Friday, 26 April 2013

High Art of the Low Countries: Boom and Bust

Here's the highlights of what art to see from the second episode in 'High Art of the Low Countries: Boom & Bust' (see my post about Part 1: Dreams of Plenty) I feel a trip around the Netherlands is in order, taking in The Hague, Amsterdam, Haarlem and Utrecht to see so many highlights of the Dutch Golden Age of Painting. As well as a re-visit to the National Gallery to see old new works in a new light.

Religious icons with faces removed in the reformation iconoclasm of the 16th century at Utrecht Cathedral

St. Cunerakerk, Rhenen by Pieter Jansz Saenredam in Mauritshuis, The Hague (must also see his work in the National Gallery, London)
"He painted unadorned architecture......the void itself."

The Laughing Cavalier by Frans Hals in the Wallace Collection, London

Banquet of the Officers of the St George Civic Guard by Frans Hals along with reconstructed banquet table! at the Frans Hals Museum in Haarlem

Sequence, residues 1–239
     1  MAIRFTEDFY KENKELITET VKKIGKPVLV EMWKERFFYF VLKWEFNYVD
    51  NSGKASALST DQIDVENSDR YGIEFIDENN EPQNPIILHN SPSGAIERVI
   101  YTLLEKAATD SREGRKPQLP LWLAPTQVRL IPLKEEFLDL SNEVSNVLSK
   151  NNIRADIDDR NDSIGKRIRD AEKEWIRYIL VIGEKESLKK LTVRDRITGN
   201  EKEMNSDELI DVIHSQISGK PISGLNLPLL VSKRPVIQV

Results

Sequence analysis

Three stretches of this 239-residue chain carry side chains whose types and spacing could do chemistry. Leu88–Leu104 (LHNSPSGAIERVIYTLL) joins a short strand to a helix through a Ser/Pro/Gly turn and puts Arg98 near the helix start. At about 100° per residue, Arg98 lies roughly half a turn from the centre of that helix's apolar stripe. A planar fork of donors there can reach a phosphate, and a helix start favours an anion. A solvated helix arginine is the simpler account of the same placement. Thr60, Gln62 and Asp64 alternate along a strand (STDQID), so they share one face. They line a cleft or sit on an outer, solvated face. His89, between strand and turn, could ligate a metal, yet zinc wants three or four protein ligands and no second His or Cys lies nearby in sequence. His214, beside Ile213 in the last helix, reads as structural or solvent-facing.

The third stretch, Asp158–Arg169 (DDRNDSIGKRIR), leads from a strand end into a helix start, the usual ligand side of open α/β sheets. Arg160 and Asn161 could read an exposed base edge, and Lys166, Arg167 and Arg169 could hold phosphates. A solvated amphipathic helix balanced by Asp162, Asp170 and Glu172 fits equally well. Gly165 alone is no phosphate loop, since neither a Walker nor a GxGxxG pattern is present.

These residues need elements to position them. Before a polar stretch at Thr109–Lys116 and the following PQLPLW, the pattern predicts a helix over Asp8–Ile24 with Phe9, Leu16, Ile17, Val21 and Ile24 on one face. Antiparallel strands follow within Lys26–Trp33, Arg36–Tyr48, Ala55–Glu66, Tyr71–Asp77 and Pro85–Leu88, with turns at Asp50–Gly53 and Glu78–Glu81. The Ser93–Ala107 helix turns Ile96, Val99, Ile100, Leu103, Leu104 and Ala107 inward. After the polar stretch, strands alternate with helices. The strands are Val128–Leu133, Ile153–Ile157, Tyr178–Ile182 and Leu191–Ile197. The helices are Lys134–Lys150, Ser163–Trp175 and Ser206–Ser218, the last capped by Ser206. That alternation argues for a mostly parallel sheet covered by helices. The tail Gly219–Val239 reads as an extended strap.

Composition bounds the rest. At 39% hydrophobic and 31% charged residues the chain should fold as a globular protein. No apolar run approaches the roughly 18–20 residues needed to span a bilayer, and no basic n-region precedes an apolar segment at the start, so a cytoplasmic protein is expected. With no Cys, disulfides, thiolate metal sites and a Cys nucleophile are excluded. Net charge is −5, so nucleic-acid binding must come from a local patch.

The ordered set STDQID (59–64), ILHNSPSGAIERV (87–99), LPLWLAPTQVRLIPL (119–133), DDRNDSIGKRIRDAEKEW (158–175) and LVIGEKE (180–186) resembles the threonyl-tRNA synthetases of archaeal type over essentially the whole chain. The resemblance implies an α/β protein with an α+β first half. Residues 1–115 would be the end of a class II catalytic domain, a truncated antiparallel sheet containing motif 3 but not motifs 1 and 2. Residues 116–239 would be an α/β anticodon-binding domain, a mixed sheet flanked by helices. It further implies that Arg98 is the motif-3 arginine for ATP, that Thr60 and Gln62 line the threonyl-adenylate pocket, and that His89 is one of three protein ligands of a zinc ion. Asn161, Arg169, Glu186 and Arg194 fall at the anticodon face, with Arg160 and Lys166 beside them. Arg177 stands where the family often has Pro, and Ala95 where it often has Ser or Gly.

& Regentesses of the Old Men's Almshouse at the Frans Hals Museum in Haarlem

I wonder how many takes it took to get this segment of Andrew Graham-Dixon talking and bicycling at the same time? (would have taken me hundreds, actually I probably would've fallen off long before I got it right)

 The Avenue at Middelharnis by Meindert Hobbema in the National Gallery, London.

 Ice Scene by Hendrick Averkamp in in Mauritshuis, The Hague

The Young Bull by Paulus Potter in Mauritshuis, The Hague

Still life with Gilt Cup by Willem Claesz Heda in the (newly re-opened, after 10 yrs of refurbishment!) Rijksmuseum in Amsterdam

The Anatomy Lesson of Dr. Nicolaes Tulp by Rembrandt in Mauritshuis, The Hague 


The Nightwatch by Rembrandt in the  Rijksmuseum in Amsterdam

 Self Portraits by Rembrandt including some at the National Gallery, London

  Dance of the Tapuias by Albert Eckhout in the National Museum of Denmark, Copenhagen

View of Olinda, Brazil by Frans Post in the  Rijksmuseum in Amsterdam

The Merry Family by Jan Stein in the Rijksmuseum in Amsterdam
The Milkmaid and Woman in Blue reading a Letter by Vermeer in the  Rijksmuseum in Amsterdam

and the famous Girl with a pearl earring in Mauritshuis, The Hague 

and the most beautiful painting in the world? (according to Marcel Proust, at least!) View of Delft by Vermeer in Mauritshuis, The Hague...

& must see this big blockbuster of an exhibition of his work Vermeer & Music: The Art of Love & Leisure at the National Gallery, London this summer!

What Dutch art do you want to see?

Up next? Last in the series: Daydreams & Nightmares

See also my posts about Part 3: Daydreams & Nightmares

{all images via the episode on BBCiplayer}

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